In a recent hint it was mentioned that you could use your laptop as a lightbox for tracing artwork. Even better, you can trace on an iOS device, such as an iPad, with apps like Photoshop or Illustrator, if you want to trace something.
Using a screen forwarding utility like Air Display, you can use your iOS device as a secondary monitor for your desktop Mac. Simply drag your Illustrator/Photoshop/whatever window to that display, and you can walk around and trace whatever artwork you have displayed on the iOS screen. It servers as both the lightbox and the source artwork in one.
[kirkmc adds: I would be much more likely to do this with an iPad than a laptop, because of the iPad's glass screen. I guess you could even do this on an iPhone, if your art is very small.]
In Lion, you can drag windows between desktops without going in to Mission Control.
Create a few new desktops in Mission Control if you don't already have them. (Launch Mission Control, then move your cursor to the top-right corner of the screen and click in the big +.)
Go to a desktop where there is an open application window.
Drag that window to the edge of the screen, and the screen will slide to the next desktop. You can keep dragging it through your desktops if you keep it against the edge; it will shift one desktop per second.
When you've reached the desktop where you want to put that window, release it and position it as you want. Note that this won't cycle through to the beginning or end of your desktops. In other words, if you have three desktops, and move a window to the right-most desktop, you can't bring it back to the first one by moving it to the right again.
[kirkmc adds: I had never noticed this, because I invoke Mission Control using a hot corner, and move windows like that. This is similar to the way you move app icons on iOS devices]
The /etc/authorization file in Mac OS X can be used to control access to the various panes of the System Preferences amongst other things. It's used by some of us Mac Sys Admin's to give Standard Users access to System Prefs panes that only admins could otherwise unlock. It can also be used in the reverse to lock down panes you don't want users messing with. An example by Apple was about allowing non-admin users to change the time zone setting. Often the panes can't be controlled to the exact level you may want via MCX (Local or Managed) or defaults write/plists. Nor do you want to give users admin rights in a large business/university setting.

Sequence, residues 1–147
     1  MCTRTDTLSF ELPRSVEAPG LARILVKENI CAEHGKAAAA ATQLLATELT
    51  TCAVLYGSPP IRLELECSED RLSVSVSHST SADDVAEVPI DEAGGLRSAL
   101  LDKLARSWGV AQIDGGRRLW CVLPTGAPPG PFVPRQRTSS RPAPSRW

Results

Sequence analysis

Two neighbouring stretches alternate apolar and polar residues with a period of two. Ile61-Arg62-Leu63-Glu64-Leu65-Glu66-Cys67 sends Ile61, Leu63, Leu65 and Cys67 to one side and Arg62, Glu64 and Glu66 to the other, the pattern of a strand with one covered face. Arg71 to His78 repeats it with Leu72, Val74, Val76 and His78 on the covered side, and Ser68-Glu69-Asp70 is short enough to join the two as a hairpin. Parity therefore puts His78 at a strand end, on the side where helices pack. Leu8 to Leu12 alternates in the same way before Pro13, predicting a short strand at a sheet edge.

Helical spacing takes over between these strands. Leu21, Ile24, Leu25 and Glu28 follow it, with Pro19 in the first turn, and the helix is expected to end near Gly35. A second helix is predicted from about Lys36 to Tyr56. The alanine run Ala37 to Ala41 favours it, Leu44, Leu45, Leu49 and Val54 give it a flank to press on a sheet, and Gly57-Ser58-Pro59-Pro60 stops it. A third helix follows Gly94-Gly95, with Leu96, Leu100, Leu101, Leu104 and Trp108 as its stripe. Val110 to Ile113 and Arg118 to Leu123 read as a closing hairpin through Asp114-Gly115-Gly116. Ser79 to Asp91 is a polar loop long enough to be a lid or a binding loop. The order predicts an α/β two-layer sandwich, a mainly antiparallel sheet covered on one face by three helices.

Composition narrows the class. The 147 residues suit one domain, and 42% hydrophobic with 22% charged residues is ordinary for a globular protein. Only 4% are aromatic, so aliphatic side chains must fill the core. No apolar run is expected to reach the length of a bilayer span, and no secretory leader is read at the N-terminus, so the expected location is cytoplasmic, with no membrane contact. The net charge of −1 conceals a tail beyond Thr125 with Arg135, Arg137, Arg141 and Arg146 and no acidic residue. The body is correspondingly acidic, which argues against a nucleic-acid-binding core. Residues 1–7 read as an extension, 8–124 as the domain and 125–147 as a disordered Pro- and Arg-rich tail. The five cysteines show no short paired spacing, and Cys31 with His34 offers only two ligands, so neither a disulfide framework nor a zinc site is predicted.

With 10.6 and now 10.7 the following Preference Panes are locked by default. Meaning you need an admin username and password to unlock them: Security & Privacy, Print & Scan, Network, Sharing, Users & Groups, Parental Controls, Date & Time, Software Update, Time Machine and Startup Disk. As a 'Standard User' you can't unlock these panes.
In 10.6 we could do the following to the /etc/authorization file, to give a standard user semi-admin access to the Preference Panes.
<string>Checked by the Admin framework when making changes to certain System Preferences.</string>
<string>everyone</string> * Changing this from 'admin', to another local group. i.e. staff,
everyone, or a custom group you created yourself.
This unlocks the majority of the preference panes above, the downside being you probably don't want them all unlocked. (i.e Startup Disk) For some this was acceptable and used. Some of us however just wanted a few unlocked, i.e. Date & Time for laptop users who travel a lot. Time Machine, so staff could connect to a Time Capsule or USB Hard Drive at home. Energy Saver so they could adjust the settings to their liking. etc…
With Lion the /etc/authorization has undergone some changes and has much more granular control available in it. Which makes locking or unlocking individual Preference Panes possible.